Baseball pitchers, of course, throw quite a bit during the season. But all that throwing often can lead to the development of pitching blisters.
If you're prone to pitching blisters, it's because your finger skin is rubbing against a finger nail or the seams of the baseball, causing friction and irritation. You know, those nasty, painful sores that, in the wrong spot, can prevent you from pitching effectively. In some instances, they may even sideline you for a game or two.
If you're prone to pitching blisters, it's because your finger skin is rubbing against a finger nail or the seams of the baseball, causing friction and irritation. Most of the time, pitching blisters happen early in a season — or during some of the initial throwing that takes place during the preseason. That's because the skin's "toughness" has not yet developed to handle the repetition of throwing. But many pitchers find that their blister problems linger into the regular season. And that, of course, is not good.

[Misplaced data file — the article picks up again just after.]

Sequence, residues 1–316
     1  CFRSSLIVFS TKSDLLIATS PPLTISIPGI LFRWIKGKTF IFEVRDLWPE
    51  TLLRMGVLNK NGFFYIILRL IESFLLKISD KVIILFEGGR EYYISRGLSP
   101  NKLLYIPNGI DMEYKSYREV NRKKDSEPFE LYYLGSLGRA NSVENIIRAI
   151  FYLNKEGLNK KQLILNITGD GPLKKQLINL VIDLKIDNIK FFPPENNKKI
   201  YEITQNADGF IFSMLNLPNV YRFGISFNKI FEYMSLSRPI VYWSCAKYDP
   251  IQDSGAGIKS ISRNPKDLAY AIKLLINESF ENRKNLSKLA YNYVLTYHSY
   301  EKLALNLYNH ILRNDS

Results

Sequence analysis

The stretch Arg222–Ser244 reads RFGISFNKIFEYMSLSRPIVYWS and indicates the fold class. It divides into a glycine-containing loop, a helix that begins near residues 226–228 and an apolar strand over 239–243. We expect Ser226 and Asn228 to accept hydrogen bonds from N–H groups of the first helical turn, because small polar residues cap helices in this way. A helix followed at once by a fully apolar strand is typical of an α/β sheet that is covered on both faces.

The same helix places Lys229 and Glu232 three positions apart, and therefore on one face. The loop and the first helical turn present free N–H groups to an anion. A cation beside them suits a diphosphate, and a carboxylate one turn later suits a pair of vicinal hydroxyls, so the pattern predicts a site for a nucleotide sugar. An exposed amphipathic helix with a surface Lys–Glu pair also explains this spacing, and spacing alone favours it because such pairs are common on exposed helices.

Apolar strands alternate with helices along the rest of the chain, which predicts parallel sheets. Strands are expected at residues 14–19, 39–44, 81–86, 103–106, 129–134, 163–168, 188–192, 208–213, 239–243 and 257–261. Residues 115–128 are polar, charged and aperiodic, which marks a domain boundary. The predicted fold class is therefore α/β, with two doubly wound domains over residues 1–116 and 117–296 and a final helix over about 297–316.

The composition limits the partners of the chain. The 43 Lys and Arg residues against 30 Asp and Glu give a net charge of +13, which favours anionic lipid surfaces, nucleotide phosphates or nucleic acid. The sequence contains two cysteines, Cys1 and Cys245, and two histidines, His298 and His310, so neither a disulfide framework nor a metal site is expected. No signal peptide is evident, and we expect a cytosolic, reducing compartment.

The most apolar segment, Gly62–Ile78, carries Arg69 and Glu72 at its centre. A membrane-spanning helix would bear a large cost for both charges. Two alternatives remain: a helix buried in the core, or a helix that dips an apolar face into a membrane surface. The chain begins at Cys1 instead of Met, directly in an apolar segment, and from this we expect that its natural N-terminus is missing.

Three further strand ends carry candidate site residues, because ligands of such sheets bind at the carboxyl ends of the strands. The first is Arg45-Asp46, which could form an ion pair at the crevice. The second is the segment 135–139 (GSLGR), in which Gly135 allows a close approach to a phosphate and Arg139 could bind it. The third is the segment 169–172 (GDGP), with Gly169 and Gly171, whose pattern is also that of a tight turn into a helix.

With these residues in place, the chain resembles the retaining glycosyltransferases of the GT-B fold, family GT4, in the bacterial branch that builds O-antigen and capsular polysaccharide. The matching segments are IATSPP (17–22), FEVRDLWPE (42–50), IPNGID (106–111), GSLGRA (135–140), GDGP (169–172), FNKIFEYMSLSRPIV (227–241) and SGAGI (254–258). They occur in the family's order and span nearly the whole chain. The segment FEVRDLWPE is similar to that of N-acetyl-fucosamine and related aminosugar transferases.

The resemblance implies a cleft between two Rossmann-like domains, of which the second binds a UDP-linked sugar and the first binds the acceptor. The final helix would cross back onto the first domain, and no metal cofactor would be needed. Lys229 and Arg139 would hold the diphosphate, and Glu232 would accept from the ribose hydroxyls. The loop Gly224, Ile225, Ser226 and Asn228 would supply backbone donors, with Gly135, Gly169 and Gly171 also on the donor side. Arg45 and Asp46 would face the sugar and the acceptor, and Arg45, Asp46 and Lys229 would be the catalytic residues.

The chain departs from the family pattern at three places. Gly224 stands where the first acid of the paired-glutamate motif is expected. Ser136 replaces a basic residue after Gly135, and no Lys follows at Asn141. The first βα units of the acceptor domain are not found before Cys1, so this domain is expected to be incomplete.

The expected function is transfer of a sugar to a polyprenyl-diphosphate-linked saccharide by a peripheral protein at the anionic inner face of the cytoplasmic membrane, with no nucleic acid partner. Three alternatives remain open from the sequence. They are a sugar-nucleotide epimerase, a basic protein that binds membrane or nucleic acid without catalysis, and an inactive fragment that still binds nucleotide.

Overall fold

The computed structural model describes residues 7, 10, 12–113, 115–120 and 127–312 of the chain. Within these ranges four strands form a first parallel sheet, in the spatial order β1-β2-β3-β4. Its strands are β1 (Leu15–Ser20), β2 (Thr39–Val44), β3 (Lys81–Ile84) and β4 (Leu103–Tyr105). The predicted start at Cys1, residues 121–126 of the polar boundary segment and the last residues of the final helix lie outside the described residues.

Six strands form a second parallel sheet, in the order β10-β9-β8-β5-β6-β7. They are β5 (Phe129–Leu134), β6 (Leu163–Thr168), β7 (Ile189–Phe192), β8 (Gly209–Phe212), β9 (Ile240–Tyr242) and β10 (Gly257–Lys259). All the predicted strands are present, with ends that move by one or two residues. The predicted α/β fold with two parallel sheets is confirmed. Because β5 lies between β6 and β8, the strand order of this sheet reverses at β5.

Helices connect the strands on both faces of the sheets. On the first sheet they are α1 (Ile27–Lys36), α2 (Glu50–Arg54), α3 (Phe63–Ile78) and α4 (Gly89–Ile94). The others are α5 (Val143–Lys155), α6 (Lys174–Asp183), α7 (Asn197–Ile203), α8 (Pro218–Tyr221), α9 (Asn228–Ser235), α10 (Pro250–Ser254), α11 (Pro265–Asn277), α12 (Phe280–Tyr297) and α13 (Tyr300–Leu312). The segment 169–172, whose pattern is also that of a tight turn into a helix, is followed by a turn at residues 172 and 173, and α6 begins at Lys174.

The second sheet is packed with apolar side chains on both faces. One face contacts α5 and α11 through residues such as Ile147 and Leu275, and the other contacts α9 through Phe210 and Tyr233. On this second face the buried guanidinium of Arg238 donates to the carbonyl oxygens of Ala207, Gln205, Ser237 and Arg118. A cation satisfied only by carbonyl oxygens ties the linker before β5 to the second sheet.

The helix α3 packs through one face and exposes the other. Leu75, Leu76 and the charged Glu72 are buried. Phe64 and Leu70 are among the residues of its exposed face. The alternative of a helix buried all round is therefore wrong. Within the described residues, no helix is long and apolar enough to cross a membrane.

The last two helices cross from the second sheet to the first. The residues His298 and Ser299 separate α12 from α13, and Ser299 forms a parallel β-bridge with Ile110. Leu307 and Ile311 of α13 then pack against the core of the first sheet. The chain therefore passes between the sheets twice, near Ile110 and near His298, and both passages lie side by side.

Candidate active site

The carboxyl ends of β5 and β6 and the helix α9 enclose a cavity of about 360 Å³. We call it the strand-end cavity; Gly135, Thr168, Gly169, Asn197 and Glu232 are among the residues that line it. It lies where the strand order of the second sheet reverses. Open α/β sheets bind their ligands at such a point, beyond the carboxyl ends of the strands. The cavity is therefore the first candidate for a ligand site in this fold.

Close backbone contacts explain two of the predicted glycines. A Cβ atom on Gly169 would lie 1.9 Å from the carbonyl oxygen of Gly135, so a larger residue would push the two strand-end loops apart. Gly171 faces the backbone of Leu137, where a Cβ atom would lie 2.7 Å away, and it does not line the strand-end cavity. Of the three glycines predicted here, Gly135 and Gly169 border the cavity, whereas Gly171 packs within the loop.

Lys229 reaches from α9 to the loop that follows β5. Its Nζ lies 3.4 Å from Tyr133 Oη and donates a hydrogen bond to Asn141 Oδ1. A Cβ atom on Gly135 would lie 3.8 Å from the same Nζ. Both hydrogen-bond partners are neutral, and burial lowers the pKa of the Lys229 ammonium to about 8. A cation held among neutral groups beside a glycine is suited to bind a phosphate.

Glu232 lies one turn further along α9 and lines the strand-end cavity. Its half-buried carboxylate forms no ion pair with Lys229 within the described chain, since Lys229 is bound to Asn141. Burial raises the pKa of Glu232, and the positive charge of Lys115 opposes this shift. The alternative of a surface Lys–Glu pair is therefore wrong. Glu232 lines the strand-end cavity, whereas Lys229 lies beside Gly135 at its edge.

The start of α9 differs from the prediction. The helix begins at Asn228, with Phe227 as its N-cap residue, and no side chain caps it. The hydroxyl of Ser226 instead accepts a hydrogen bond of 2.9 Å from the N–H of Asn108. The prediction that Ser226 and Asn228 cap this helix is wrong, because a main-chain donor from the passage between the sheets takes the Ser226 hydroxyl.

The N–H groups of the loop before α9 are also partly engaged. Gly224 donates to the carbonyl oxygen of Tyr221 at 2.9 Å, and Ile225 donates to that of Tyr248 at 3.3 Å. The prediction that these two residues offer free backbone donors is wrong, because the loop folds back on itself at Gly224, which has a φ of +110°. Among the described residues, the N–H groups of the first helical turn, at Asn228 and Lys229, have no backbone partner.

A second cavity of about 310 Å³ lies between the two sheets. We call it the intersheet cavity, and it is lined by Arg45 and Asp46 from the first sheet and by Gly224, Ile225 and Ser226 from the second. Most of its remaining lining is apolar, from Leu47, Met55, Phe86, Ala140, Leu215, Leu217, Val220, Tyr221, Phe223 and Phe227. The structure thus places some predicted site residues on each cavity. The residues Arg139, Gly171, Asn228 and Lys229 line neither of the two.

Four Ways To Treat Pitching Blisters
You should use emery boards and finger nail cutters on a regular basis to keep your nails at the length of your finger tips — not shorter or longer.
To prevent blisters under calluses, you can gently use an emery board to softly get rid of hardened skin that has developed. (A first-round draft pick from my college baseball team did this every day throughout the course of a season.)
Apply a hand lotion after pitching also helps keep the skin from blistering.
And no, pickle juice does not prevent blisters or expedite the healing process. That's an old wives' tale that doesn't work :-)
Remember, you can't pitch effectively with a Band-aid or athletic tape on your throwing fingers. And at the higher levels of the game, you're is not allowed to have a Band-aid or athletic tape on your throwing fingers at all. That's why a $5 investment at the local drug store in a nail cutter and/or an emery board could be the very best investment you make toward your baseball pitching career, if you're prone to blisters on your pitching fingers. It might be the difference between making your next start — or watching from the dugout.
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